Just because something is written down doesn't mean that it's right. We need to evaluate the information that we're looking at. Here are 5 questions you should ask when you're evaluating genealogy information.
First: Sources or Information?
Let's start with a quick definition. Information is what a source says. A source is what you use to get information. You might think of it as the source is a vessel or a container for information. (You might want to read my post "Understanding Genealogy Sources" to see what sources are all about.)
Now let's get to the questions.
1. Do You Understand the Terms?
Do you really understand what that source is saying? Do you understand the words and phrases that are being used and do you understand how they are being used? For example, in a legal document, assuming that "infant" refers to a baby could lead you to some incorrect conclusions. "Infant" in a legal document often just means that that person wasn't yet legally an adult; for legal purposes, they were still an infant.
2. Are You Reading What's There?
Building a theory is a natural part of research. The problem is when we allow that theory to take over. Facts should build our theory; our theory shouldn't color how we interpret the facts.
Probably the most common example is assuming that children listed in a pre-1880 census are the children of the head of household (presuming the ages allow for that). The problem is that the pre-1880 federal censuses don't give relationships. They show who's living in the household, but it doesn't spell out how (or even if) they are related.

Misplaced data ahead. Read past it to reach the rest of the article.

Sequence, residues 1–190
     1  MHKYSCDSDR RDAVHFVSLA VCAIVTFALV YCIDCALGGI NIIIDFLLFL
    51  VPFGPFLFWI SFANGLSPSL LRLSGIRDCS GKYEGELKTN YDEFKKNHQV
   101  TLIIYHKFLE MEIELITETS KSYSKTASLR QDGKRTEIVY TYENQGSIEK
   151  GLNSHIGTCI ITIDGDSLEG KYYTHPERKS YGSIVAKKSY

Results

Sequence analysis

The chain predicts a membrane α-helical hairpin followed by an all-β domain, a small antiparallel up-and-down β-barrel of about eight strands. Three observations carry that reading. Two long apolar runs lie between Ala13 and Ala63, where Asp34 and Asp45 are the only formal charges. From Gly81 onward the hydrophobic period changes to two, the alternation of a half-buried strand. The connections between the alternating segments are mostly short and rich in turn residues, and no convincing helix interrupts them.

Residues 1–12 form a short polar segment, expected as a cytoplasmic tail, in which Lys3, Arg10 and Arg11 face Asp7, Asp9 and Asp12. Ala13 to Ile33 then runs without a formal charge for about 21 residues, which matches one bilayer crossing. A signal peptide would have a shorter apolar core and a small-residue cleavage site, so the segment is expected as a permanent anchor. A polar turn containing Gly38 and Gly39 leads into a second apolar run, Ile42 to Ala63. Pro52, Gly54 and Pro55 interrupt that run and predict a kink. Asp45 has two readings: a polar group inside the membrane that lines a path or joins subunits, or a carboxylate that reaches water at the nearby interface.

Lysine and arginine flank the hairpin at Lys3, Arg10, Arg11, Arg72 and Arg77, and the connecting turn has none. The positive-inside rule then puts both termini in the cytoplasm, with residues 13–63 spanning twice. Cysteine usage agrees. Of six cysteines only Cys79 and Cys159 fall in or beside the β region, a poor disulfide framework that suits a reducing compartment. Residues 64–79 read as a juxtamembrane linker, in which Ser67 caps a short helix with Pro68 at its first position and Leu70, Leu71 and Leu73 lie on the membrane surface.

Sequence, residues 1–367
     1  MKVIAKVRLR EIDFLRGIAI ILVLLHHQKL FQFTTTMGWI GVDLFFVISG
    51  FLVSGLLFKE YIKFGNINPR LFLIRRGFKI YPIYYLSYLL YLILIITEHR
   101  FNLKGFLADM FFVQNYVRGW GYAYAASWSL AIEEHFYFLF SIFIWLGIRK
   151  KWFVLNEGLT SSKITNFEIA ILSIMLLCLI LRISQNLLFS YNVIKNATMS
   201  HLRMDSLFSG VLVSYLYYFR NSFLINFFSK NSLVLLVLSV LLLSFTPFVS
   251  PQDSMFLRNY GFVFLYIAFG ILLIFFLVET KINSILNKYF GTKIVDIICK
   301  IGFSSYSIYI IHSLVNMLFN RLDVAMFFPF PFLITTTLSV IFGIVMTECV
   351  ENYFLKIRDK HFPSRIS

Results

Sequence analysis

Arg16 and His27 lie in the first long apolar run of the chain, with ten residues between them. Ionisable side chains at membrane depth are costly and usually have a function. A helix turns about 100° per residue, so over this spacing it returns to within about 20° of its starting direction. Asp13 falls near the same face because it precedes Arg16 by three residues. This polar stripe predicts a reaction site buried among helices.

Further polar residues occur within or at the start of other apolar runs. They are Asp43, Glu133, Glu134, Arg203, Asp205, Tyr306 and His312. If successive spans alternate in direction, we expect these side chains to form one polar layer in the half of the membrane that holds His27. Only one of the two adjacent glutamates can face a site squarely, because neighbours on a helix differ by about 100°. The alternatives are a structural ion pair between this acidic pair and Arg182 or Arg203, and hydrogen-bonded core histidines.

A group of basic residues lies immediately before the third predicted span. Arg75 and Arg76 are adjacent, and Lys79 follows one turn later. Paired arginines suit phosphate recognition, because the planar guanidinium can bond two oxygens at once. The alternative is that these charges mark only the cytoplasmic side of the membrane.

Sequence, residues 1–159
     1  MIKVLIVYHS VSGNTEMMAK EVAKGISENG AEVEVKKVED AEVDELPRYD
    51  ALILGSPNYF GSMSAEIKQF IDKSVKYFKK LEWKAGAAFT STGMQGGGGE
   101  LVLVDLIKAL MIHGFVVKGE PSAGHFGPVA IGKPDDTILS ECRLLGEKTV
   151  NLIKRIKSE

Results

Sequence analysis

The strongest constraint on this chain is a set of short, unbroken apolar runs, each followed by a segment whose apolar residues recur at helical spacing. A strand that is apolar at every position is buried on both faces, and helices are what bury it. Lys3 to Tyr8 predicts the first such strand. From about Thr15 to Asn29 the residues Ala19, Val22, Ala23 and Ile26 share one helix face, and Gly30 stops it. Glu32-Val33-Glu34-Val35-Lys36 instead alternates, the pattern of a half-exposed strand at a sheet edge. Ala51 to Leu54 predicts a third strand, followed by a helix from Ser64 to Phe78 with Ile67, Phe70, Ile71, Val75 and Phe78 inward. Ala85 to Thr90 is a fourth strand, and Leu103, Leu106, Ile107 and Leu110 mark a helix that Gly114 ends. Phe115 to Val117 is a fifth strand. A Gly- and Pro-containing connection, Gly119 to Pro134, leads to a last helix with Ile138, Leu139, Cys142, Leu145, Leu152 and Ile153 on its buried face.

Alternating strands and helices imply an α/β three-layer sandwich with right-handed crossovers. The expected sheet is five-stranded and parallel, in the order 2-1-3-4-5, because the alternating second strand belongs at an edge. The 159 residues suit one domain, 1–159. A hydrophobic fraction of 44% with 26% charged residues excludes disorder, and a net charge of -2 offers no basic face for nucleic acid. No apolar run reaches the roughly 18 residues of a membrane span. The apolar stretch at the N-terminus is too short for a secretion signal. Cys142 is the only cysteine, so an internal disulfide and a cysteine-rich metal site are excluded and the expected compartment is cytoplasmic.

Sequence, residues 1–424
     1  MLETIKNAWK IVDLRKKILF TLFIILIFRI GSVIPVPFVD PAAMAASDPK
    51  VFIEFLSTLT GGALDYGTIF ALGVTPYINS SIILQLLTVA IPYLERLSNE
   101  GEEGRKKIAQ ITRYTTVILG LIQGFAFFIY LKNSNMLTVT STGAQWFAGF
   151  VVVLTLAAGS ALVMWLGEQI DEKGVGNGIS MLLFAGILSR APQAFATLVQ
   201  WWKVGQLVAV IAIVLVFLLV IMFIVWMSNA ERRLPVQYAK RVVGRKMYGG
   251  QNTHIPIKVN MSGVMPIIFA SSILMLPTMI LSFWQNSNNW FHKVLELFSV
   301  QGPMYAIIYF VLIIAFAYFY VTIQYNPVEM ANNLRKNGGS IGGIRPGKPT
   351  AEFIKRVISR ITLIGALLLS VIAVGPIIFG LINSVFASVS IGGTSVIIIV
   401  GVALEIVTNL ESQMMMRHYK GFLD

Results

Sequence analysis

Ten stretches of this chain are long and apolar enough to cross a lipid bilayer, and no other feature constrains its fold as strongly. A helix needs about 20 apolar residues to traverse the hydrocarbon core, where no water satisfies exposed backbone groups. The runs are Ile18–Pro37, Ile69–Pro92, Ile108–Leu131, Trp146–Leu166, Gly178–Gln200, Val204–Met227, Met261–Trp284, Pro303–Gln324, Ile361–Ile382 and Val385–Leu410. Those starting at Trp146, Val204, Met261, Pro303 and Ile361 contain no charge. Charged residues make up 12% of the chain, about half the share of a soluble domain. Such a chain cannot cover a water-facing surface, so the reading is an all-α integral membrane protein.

3. Who Gave the Information?
You've probably noticed that just because someone says something, it doesn't mean that they're right. It was true back in our ancestors' time, too. Knowing who gave the information can go a long way toward helping us evaluate its accuracy.
Did that person know what he or she was talking about? Could they have been an eyewitness or have first-hand knowledge of the event? Or were they passing along information they got second- or third-hand?
4. Is There a Reason to Lie?
We don't like to think of our ancestors as lying, but hey, they were human. Let's say that a veteran's widow needed to have been married for a certain length of time to be eligible for a military pension. If she missed it by a few months, might she fudge her marriage date a bit? Could a boy have lied about his age in order to get into the army (or a man lie about his age in order to avoid going into the army)?
5. Why Was the Record Created?
This is perhaps the most overlooked question, but it can have an impact on what we're evaluating. People tend to be more careful about the "important" information on a document. Think about those hotel or airline surveys you get after you travel. If you fill them out, you're probably more conscientious about being accurate in your rating of the hotel wifi than you were answering exactly how many times you've stayed with that brand hotel in the past 12 months. ("Was it 3 or was it 4? Doesn't matter. I'll put 3.")
The "must have" bits of information tend to be more carefully reported than the "nice to have" bits of information.
Are you trying to make sense of sources, evaluate evidence, and find more information? I've created a new course called "Beyond the Hints," designed to help you navigate your genealogy research with confidence. Click here for more information.